It is beyond the scope of this column to comment on each judge’s practices and procedures, but to point out that these exist and are publicly available on each court’s website. Senior Judge Robert L. Miller Jr. in the Northern District, for instance, has a detailed listing of hyperlinked topics on his page, providing guidance on everything from jury selection, (e.g., “Attorneys for the parties may view the juror questionnaires in the Clerk’s Office after 2:00 p.m. on the Friday before trial commences”), to trial decorum (“Counsel must ask permission to approach the witness. Counsel need not use the podium. The court expects counsel to stand, if they are able, when questioning witnesses and when addressing the court”).
Other district judges have a single “Practices and Procedures” document. However, each judge has organized their own guidance materials, and they are expected to be known by counsel and followed. Southern District Judge J.P. Hanlon, for instance, has an 18-page Practices And Procedures document (available on his page of the court’s website), that begins, “Counsel appearing before Judge Hanlon are expected to read and comply with these Practices and Procedures. Counsel may seek modification of any specific part of these Practices and Procedures as may be appropriate based on the unique facts and circumstances of a case. The Court may also alter them sua sponte as appropriate in any case. Inquiries should be directed to the Courtroom Deputy Clerk... .”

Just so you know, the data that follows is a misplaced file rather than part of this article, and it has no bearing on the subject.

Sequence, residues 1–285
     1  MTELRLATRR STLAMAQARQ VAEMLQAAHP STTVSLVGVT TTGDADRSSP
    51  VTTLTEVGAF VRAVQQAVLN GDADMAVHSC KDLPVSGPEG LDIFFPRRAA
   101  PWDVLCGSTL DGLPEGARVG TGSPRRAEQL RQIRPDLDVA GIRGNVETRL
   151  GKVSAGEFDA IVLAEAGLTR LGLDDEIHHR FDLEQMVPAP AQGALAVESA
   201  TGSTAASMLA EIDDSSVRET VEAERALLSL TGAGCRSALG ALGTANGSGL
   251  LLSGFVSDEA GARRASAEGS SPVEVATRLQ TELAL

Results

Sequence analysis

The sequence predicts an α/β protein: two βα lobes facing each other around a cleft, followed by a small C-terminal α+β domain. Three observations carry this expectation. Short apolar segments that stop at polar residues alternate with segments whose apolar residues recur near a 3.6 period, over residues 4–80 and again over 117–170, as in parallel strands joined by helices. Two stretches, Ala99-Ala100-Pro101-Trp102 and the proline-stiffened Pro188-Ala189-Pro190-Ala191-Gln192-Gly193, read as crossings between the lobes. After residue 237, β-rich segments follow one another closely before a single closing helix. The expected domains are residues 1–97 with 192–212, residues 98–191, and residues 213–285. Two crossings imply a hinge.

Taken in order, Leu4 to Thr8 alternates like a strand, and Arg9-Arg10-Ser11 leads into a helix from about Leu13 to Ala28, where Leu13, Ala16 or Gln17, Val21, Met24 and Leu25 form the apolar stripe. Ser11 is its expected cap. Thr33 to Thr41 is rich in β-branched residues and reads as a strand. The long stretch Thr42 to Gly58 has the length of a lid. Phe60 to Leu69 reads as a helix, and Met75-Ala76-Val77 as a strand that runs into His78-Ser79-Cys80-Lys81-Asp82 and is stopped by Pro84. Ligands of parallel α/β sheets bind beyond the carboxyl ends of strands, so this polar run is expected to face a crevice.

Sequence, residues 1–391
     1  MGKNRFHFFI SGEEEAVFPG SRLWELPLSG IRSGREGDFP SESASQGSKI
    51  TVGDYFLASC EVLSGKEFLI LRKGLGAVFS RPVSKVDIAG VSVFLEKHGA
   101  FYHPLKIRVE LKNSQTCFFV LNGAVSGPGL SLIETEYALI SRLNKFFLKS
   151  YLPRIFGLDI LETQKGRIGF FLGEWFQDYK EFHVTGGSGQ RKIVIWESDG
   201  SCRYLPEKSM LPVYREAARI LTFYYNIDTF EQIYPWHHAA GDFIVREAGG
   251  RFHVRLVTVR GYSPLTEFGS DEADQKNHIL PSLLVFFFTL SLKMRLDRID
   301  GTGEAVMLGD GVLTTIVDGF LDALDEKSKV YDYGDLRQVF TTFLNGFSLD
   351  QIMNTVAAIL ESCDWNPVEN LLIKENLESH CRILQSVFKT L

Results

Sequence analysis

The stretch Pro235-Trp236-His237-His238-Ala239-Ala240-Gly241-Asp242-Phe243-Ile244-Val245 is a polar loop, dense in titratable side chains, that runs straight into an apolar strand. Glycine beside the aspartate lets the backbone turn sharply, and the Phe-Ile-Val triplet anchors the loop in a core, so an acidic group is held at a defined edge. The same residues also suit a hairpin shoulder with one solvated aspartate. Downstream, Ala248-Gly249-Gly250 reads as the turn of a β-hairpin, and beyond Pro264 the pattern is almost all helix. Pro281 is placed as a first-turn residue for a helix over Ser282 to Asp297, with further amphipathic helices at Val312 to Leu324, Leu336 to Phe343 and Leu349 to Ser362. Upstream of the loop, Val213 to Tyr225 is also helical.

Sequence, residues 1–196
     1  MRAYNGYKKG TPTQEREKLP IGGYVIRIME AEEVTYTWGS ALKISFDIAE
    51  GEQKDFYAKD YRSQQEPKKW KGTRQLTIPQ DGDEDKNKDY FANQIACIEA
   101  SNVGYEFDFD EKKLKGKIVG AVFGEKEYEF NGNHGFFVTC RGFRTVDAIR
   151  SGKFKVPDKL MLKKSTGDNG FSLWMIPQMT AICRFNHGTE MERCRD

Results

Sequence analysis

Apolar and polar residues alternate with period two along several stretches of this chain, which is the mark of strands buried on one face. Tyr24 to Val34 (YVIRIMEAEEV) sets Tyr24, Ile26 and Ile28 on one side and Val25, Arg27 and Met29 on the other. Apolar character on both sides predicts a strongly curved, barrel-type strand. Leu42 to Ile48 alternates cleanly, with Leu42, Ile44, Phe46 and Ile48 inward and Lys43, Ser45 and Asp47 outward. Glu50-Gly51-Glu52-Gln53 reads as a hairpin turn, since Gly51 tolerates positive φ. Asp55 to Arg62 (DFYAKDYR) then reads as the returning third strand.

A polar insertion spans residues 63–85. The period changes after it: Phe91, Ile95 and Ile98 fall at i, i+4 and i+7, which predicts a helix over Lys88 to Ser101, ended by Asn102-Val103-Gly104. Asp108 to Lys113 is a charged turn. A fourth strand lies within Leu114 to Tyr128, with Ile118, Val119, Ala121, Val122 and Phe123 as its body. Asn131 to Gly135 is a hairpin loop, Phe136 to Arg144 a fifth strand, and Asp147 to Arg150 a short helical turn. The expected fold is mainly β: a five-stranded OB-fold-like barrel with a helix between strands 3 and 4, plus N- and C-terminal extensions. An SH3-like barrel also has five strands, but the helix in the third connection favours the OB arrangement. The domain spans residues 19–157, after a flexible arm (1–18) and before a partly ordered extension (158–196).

As an example of one of Judge Hanlon’s requirements (that Judge Tanya Walton Pratt also employs), at summary judgment, any deposition excerpts cited must be cited to page and line number, and the supporting appendix must include the three pages immediately preceding and following each cited excerpt.
Because the judges’ various “practice and procedure” requirements address various issues that arise throughout the life of a case, counsel should regularly consult them with each different stage, and with each different filing.•
• John Maley — email@example.com — is a partner with Barnes & Thornburg, LLP, practicing federal and state litigation, employment matters and appeals. He clerked for Judge Larry McKinney from 1988-90. Opinions expressed are those of the author.